Civility and Its Discontents

Jenny Uglow in the New York Review of Books:

A satirical lithograph of Englishmen learning to bow in an etiquette course taught by the French, 1817

“Civility,” Keith Thomas notes in this absorbing book, “was (and is) a slippery and unstable word.” “Civil” and “civilian” evoke the social life of a people not under military rule, the world of the civitas—the organized community—the only place, according to Aristotle and Cicero, where the good life is possible. While “courtesy” relates to the values of the court, “civility,” Thomas writes, is “the virtue of citizens”: in his Dictionary (1755), Samuel Johnson defined it as both “politeness” and “the state of being civilized.” Thomas explores the understanding and use of the term in England from 1500 to 1800, when it referred both to manners in daily life and manners as mores: the customs and attitudes of the allegedly civilized nation as a whole.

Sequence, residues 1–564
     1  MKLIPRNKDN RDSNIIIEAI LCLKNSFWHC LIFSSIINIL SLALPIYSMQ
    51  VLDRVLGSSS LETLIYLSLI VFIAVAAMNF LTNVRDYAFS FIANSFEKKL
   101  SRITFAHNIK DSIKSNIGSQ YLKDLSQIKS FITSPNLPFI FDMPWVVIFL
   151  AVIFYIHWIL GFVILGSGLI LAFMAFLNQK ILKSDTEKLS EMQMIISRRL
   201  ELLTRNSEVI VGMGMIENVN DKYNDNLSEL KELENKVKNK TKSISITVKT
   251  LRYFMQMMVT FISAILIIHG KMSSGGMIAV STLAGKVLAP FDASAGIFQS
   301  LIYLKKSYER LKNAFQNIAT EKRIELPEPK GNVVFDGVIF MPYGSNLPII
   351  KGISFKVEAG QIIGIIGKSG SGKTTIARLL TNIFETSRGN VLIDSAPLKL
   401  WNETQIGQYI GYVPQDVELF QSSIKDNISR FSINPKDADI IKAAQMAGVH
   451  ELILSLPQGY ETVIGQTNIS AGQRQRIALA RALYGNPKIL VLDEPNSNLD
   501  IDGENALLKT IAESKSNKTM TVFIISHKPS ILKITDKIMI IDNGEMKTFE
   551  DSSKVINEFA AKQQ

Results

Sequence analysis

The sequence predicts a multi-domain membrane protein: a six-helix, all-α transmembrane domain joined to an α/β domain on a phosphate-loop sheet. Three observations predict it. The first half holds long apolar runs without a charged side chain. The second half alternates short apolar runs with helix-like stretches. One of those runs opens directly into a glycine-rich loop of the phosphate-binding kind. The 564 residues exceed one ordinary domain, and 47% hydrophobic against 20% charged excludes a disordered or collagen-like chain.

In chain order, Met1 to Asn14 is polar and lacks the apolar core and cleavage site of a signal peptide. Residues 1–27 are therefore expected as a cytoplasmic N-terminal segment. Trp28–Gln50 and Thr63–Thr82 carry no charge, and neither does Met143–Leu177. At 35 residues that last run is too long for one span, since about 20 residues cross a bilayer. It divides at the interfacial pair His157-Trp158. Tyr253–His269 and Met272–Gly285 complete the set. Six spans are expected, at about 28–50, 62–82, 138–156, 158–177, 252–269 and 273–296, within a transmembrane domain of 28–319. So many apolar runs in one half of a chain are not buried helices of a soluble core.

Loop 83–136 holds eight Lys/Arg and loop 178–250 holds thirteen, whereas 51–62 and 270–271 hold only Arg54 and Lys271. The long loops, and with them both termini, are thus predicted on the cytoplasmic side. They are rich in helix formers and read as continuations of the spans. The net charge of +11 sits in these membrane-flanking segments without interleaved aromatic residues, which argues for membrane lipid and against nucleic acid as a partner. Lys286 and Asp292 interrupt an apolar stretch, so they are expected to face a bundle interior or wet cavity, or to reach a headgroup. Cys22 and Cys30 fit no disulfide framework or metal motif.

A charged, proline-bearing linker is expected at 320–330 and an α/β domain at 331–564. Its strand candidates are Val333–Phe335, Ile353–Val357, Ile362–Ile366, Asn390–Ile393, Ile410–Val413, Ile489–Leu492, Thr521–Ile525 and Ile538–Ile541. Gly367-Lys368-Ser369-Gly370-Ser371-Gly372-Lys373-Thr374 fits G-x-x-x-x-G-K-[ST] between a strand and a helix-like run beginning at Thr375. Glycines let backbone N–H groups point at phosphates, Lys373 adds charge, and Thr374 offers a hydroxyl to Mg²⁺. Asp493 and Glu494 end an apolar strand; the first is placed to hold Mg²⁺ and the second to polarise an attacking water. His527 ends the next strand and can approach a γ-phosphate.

In its wider sense, the ideal of civility was orderly government, with a populace accepting its laws and prescribed moral standards as well as adhering to the hierarchical structure of society and the strict but subtle dictates of class and decorum (the chief one being “know your place”). In Britain, “civil government” reflected the interests of the moneyed classes: the protection of private property and the value of trustworthiness, essential for a credit-based economy. In time, the idea of civility also came to embrace an interest in the arts and sciences, and—at least in theory—religious toleration, open debate, and the freedom to disagree.

More here.